This Week in New York Insider's Guide to Arts & Culture in New York City Since 2001



Hirokazu Kore-eda’s NOBODY KNOWS offers a heartrbreaking look at a unique family

NOBODY KNOWS (DAREMO SHIRANAI) (Hirokazu Kore-eda, 2004)
MoMA Film
Museum of Modern Art
11 West 53rd St. between Fifth & Sixth Aves.
Thursday, June 23, 8:45, and Friday, June 24, 4:30
Series runs through June 24
Tickets: $10, in person only, may be applied to museum admission within thirty days, same-day screenings free with museum admission, available at Film and Media Desk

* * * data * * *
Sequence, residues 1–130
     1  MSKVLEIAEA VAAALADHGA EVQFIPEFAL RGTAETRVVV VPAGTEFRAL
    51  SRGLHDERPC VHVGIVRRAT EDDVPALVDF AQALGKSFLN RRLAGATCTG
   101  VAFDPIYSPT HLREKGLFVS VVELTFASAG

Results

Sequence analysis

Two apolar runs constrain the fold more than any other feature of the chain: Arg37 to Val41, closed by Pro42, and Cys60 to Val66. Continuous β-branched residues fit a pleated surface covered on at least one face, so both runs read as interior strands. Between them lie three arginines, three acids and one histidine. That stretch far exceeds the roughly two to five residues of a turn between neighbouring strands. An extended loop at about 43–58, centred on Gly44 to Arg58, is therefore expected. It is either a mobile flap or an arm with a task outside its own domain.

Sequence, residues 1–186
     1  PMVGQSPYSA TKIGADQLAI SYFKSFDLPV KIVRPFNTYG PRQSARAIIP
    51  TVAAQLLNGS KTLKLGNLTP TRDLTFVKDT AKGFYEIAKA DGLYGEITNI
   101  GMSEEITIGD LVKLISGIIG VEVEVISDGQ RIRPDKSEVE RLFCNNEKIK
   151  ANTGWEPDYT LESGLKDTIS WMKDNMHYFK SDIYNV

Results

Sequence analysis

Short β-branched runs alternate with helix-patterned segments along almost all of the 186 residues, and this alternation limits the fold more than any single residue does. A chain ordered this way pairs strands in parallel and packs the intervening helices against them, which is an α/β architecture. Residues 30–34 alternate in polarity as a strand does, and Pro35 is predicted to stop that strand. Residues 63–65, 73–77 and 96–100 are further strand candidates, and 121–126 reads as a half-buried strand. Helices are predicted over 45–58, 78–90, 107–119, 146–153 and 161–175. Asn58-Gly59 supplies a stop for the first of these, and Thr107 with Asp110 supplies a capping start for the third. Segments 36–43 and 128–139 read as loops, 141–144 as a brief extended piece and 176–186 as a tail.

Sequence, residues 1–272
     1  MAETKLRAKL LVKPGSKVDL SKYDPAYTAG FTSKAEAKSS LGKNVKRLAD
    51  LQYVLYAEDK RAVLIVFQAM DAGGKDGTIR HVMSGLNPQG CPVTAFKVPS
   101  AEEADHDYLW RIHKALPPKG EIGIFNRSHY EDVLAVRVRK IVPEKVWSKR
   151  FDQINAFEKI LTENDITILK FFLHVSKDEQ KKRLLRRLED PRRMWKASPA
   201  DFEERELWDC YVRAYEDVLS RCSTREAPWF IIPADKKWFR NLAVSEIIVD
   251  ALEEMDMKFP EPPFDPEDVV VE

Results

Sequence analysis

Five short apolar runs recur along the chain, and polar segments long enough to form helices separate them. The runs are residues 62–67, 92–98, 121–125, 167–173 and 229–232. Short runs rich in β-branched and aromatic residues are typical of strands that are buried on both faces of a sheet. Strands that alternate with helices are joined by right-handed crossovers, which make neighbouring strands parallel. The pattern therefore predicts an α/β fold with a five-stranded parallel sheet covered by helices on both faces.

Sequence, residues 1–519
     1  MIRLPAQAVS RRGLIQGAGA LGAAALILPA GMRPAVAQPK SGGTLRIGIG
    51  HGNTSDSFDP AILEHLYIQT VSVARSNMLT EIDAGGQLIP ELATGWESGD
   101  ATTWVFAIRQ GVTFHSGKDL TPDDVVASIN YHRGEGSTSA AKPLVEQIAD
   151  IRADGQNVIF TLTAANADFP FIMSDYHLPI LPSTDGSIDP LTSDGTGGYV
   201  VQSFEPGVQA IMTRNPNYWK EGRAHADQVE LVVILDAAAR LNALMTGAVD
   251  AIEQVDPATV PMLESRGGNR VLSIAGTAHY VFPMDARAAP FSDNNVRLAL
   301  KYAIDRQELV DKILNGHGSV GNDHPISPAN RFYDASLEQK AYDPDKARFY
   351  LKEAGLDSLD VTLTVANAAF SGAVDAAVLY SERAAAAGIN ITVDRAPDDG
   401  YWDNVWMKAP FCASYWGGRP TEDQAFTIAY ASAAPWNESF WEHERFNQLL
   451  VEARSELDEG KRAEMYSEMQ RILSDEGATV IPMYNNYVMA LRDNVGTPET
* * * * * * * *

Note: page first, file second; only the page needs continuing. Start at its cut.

Based on a true story that writer-director Hirokazu Kore-eda (Maborosi, After Life) read about back in 1988, Nobody Knows is a heartwarming, heartbreaking film about four extraordinary half-siblings who must fend for themselves every time their mother takes off for extended periods of time. Japanese TV and pop star YOU makes her feature-film debut as Keiko, a young woman who has four kids by way of four different men. When she’s home, she shows affection for the children, but the problem is, she’s rarely home. Instead, twelve-year-old Akira (Yagira Yuya) must take care of the shy Kyoko (Kitaura Ayu), who handles the laundry; the troublemaker Shigeru (Kimura Hiei), who can’t follow the rules; and sweet baby Yuki (Shimizu Momoko), who likes chocolates and squeaky shoes. At first, it is charming and uplifting watching how Akira handles the complicated situation — the other kids are not allowed outside because the landlord will evict them if he finds out about them, and Akira even helps teach the family, who do not attend school — but as Keiko disappears for longer periods of time, the children’s lives grow more dire by the day as food and money start running out. Kore-eda, who also edited and produced this powerful picture, has created a moving, involving film that nearly plays like a documentary, avoiding melodramatic clichés and instead wrapping the audience up in the closeted life of four terrific kids whose tragic existence will ultimately break your heart. Nobody Knows is screening at MoMA on June 23 and 24 as part of the series “In Focus: IFC Films,” which concludes with a sneak peek of Errol Morris’s Tabloid (2010) on June 24 at 8:00.

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